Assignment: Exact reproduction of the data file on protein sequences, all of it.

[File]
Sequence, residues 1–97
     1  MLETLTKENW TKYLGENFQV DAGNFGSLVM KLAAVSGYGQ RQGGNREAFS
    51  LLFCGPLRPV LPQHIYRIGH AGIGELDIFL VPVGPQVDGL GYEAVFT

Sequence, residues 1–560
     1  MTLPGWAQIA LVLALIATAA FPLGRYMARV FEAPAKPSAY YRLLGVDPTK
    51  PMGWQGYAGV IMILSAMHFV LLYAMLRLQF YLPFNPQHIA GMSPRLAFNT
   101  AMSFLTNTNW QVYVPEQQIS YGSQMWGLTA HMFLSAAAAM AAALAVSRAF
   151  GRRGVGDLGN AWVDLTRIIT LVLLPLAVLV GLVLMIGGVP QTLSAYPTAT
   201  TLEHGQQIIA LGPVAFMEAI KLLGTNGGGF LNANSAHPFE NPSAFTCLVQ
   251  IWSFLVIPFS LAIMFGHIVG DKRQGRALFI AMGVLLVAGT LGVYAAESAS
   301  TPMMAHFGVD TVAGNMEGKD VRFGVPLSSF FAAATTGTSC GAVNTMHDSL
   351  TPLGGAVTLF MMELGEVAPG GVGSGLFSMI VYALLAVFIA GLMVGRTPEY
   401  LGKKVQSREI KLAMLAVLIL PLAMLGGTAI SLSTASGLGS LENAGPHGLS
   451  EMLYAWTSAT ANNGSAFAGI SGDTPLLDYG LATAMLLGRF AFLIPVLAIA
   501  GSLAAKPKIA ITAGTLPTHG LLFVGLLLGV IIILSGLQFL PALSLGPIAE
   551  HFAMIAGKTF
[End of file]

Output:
Sequence, residues 1–97
     1  MLETLTKENW TKYLGENFQV DAGNFGSLVM KLAAVSGYGQ RQGGNREAFS
    51  LLFCGPLRPV LPQHIYRIGH AGIGELDIFL VPVGPQVDGL GYEAVFT

Sequence, residues 1–560
     1  MTLPGWAQIA LVLALIATAA FPLGRYMARV FEAPAKPSAY YRLLGVDPTK
    51  PMGWQGYAGV IMILSAMHFV LLYAMLRLQF YLPFNPQHIA GMSPRLAFNT
   101  AMSFLTNTNW QVYVPEQQIS YGSQMWGLTA HMFLSAAAAM AAALAVSRAF
   151  GRRGVGDLGN AWVDLTRIIT LVLLPLAVLV GLVLMIGGVP QTLSAYPTAT
   201  TLEHGQQIIA LGPVAFMEAI KLLGTNGGGF LNANSAHPFE NPSAFTCLVQ
   251  IWSFLVIPFS LAIMFGHIVG DKRQGRALFI AMGVLLVAGT LGVYAAESAS
   301  TPMMAHFGVD TVAGNMEGKD VRFGVPLSSF FAAATTGTSC GAVNTMHDSL
   351  TPLGGAVTLF MMELGEVAPG GVGSGLFSMI VYALLAVFIA GLMVGRTPEY
   401  LGKKVQSREI KLAMLAVLIL PLAMLGGTAI SLSTASGLGS LENAGPHGLS
   451  EMLYAWTSAT ANNGSAFAGI SGDTPLLDYG LATAMLLGRF AFLIPVLAIA
   501  GSLAAKPKIA ITAGTLPTHG LLFVGLLLGV IIILSGLQFL PALSLGPIAE
   551  HFAMIAGKTF